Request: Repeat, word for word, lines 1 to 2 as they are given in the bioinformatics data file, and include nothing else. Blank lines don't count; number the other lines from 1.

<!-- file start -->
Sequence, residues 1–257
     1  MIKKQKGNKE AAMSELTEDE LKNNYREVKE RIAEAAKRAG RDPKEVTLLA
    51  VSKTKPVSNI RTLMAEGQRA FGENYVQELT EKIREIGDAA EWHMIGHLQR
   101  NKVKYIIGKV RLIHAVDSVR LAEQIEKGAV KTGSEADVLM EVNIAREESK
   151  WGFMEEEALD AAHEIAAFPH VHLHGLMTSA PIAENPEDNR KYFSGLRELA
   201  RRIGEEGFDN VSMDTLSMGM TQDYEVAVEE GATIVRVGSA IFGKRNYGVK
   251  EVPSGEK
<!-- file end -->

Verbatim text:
Sequence, residues 1–257
     1  MIKKQKGNKE AAMSELTEDE LKNNYREVKE RIAEAAKRAG RDPKEVTLLA